Recently my brother, my wife, and a friend played Vincent Baker’s Dogs in the Vineyard, a fantasy Western game of God’s Watchdogs protecting a struggling religious community, at gunpoint, from corruption and injustice. My brother and I had been wanting to play it with each other for quite some time. It was a joy to play together!
DitV derives a lot of tension from the “how far would you go” question in exerting your will, applying constant pressure along those lines. “Would you wrestle down your brother to stop him from shooting that whore what defiled his boy? Would you draw a gun on him? Would you shoot him?” And similarly, “to save this town from disaster, would you shoot this person who’s causing trouble? Even if his reasons are sympathetic and heartbreaking? Even if his family depends on him?” and so on.
As a result, Dogs and games like it get sort of a rep, for being horrible bloodbaths where everyone’s shooting everyone in the face, where conflict ramps up, up UP to tragedy, and everyone Comes To A Bad End.
And sure, it can be. Sometimes you want it to be. But our game wasn’t like that. For one thing, there were no rebellious cults forming, no Sorcerous subversion, no attacks by demon-possessed maniacs–yet. There were just people, mired in an intractable mess. There was the old man who’d dug up some old silver coin on his land and insisted it was his, not the town’s. There was the desperate father who needed the bounty to trade for his diseased daughter’s medicine. The poor browbeaten Town Steward whose clout didn’t equal the old man’s, and was losing the respect of the townsfolk whose needs he couldn’t fulfill. And the proprietor of the local mercantile, convinced he could use the silver to make peace with the hostile tribal folk and trade for food to recover from a devastating crop blight.
All was poised on the brink of disaster. In fact, it’d already come to grief, as the father went to the old man’s estate to take the wealth by force and ended up accidentally shooting the patriarch’s only son. And in fact without intervention things would get far, far worse. But in fact the Dogs’ involvement (which can turn quite bloody itself given their power of Judge and Executioner!) served to defuse tensions, de-escalate conflict and allow reason and justice to prevail. Everyone tried to press the Dogs to take sides in their conflicts and grudges, but they kept their heads and worked out a solution for the good of the town, not individuals, while balancing the scales of justice. The temptation always loomed to bring violence to bear, but no one did. Everything stayed on the level of talking–and it was awesome.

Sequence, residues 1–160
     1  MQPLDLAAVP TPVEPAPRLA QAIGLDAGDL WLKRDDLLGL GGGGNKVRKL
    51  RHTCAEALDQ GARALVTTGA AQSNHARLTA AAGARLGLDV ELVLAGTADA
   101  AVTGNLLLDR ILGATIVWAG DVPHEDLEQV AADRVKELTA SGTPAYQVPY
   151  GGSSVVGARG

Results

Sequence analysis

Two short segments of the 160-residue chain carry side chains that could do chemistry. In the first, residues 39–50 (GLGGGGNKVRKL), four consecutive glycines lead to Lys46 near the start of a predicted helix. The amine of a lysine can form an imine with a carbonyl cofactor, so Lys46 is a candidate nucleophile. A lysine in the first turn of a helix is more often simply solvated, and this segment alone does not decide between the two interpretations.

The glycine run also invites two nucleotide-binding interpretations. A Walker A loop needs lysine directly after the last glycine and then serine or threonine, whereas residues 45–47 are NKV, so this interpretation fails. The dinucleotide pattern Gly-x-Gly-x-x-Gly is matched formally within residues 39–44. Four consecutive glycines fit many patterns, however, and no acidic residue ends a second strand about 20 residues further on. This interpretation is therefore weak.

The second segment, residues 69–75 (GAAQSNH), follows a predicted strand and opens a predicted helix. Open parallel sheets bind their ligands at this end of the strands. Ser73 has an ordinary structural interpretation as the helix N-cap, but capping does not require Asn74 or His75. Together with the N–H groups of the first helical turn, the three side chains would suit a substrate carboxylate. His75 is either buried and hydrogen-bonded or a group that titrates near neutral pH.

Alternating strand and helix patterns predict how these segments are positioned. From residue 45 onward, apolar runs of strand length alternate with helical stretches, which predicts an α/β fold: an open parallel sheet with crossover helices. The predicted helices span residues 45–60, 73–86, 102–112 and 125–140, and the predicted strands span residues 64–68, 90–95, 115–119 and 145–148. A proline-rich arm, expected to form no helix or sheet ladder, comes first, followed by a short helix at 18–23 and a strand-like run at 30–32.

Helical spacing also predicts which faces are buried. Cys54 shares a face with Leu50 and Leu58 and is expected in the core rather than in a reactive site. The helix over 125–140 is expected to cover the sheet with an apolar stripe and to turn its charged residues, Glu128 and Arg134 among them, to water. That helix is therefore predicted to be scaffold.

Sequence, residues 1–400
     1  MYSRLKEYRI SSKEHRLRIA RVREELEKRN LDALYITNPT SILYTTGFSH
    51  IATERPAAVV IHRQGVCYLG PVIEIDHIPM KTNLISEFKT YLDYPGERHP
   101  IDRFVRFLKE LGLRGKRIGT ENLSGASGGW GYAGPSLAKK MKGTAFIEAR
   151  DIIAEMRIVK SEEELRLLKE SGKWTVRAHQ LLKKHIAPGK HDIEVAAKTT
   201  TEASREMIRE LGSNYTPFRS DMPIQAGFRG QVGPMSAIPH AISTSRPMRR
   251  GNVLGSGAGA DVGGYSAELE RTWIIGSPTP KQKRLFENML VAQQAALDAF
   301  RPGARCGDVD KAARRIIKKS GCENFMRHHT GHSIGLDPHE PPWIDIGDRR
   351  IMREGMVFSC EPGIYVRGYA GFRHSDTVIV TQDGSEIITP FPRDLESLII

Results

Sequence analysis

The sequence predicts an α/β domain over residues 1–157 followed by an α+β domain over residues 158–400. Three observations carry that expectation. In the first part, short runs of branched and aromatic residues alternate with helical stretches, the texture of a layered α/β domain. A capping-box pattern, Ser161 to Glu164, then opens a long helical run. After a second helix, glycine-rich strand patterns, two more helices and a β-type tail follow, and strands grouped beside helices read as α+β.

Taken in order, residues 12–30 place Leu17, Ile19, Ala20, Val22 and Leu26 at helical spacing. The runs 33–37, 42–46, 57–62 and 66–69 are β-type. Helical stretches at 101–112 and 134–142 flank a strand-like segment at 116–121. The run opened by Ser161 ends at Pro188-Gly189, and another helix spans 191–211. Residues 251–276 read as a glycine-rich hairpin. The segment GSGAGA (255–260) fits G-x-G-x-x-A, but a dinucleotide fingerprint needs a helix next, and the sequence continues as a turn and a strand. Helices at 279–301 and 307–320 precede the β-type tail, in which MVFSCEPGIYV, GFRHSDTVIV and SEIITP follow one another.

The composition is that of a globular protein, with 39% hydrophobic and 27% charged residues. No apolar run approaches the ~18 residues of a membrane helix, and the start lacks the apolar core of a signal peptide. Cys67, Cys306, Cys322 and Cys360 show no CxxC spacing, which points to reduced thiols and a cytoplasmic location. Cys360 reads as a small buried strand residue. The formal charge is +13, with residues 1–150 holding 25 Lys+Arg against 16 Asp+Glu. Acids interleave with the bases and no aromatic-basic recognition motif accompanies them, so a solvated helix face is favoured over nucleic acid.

The tension was palpable, and the resolution satisfying. Without a single shot fired. The tension arose from the question: Will it turn violent? Consider Azariah, the desperate father, trying to hold off my brother’s character at his doorstep, afraid for himself and his sick daughter. Brother Clarence pressed him until he gave in. They both stood poised to start shooting to get their way, but Azariah was unwilling to escalate to gunplay. He blinked first, and submitted his will to the Dogs.
This goes back to what I was talking about in Paying Your Dues. Sure, it could be fun if the Dogs rode in and encountered murder at every turn, desperate folks solving their problems at gunpoint, and malefactors refusing to relent. Fire and judgment! Hooray! But how much more satisfying to start simple and build, to solve one town’s problems handily only to see the issues complicated in the next, and further escalated in the next? To see the Dogs themselves evolve under increasing pressure? To see a strong soul with sure hand and shining eyes, then watch him strain ’till he’s like to break?
That agonizing question–will he break?–is what we want to answer. But the end is meaningless without the journey.